Product Details

  • Audio CD (January 14, 2007)
  • Original Release Date: 2001
  • Number of Discs: 1
  • Label: Six Degrees
  • ASIN: B00005O7TV
  • Average Customer Review: 3.9 out of 5 stars  See all reviews (25 customer reviews)
  • Amazon Best Sellers Rank: #301,667 in Music (See Top 100 in Music)

Customer Reviews

Most Helpful Customer Reviews

14 of 14 people found the following review helpful By Adam on September 25, 2001
Format: Audio CD
At first I was somewhat skeptical, while I love Vrenna's remix work and am a big Six Degrees fan, I never would have guessed on a union between that particular artist and label. But my fears were quite unfounded. Certainly not techno, certainly not industrial, certainly not ambient or worldbeat, Tweaker's really made an album with a sound uniquely it's own while building upon foundations from many genres.
While many of the songs are quite different in structure, one of the commonalities across songs is something I can only call "thickness". Each song has alot of things going on, and even the simple songs have multiple layers of sound, insturments moving in and out of the mix. Of course, this being Vrenna, the percussion (both live and programmed) throughout is wonderfully emotive, complex, and excellent. But what makes this album amazing for me is that instead of being a percussive-dominant album, the amazing rhythm work is merely one part of the collage, and the guitars, vocals, samples, and programming create a really addictive brew, somehow both challenging and hook-laden at the same time.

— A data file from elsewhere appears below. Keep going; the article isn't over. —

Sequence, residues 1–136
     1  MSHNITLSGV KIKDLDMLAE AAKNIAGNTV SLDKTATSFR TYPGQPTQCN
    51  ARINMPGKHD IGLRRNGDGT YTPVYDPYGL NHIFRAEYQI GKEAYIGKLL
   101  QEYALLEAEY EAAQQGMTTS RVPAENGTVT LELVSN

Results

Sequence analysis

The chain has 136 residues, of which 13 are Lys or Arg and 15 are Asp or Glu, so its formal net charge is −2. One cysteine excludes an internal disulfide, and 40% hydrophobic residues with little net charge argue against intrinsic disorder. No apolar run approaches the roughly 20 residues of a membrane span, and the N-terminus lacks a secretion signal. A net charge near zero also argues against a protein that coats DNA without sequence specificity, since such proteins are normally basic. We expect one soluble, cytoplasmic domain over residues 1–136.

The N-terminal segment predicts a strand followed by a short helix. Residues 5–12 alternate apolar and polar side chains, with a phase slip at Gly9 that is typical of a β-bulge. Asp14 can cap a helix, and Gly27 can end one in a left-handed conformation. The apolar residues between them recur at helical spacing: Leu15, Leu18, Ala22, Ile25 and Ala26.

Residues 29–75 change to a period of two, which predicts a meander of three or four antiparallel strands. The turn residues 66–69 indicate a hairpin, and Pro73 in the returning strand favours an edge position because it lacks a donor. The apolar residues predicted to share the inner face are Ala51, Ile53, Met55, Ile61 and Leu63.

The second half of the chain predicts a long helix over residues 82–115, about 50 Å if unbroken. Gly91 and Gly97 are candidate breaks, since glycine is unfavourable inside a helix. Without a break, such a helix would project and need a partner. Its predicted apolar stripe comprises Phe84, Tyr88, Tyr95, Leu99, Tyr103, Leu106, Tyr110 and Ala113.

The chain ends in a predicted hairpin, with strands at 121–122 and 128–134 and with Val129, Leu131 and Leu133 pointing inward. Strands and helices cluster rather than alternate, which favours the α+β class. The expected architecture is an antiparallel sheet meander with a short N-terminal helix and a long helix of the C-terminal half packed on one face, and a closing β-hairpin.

The songs with guest vocalists feel like the most "traditional" songs on the disc (Craig Wedren's voice is just stellar on his two tracks), and while they are all excellent, I feel it's in the insturmentals where this disc really shines. "Swamp" rocks out like a great NIN insturmental with nice crunchy guitar and drum licks, while "Turned" could be mistaken for a spaced-out Orb tune with layers of reverb and chirping birds. "Drive-Bye" would be as at home on 4AD as Six Degrees, while "Microsize Boy" is a wonderful slice of vocoder and punchy drums.
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4 of 4 people found the following review helpful By Captain Planet on August 20, 2003
Format: Audio CD
to start off, yes, christ vrenna was the drummer for NIN, and no, this cd does not sound like "the downward spiral" or "broken." it is a completely different sound. but that is probably to be expected, seeing as how when one does one's own solo project they can do whatever they please. it may not sound like NIN, but you can here a hint of influence in it. very electronic, featuring the voices of many other persons, other than himself. NIN is one of my favorite bands, and so is tweaker. i recommend that all of you buy this cd if you enjoy good music, which this most certainly is. it is always in my cd player. just check it out, you'll be happy
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5 of 6 people found the following review helpful By Mike on October 16, 2001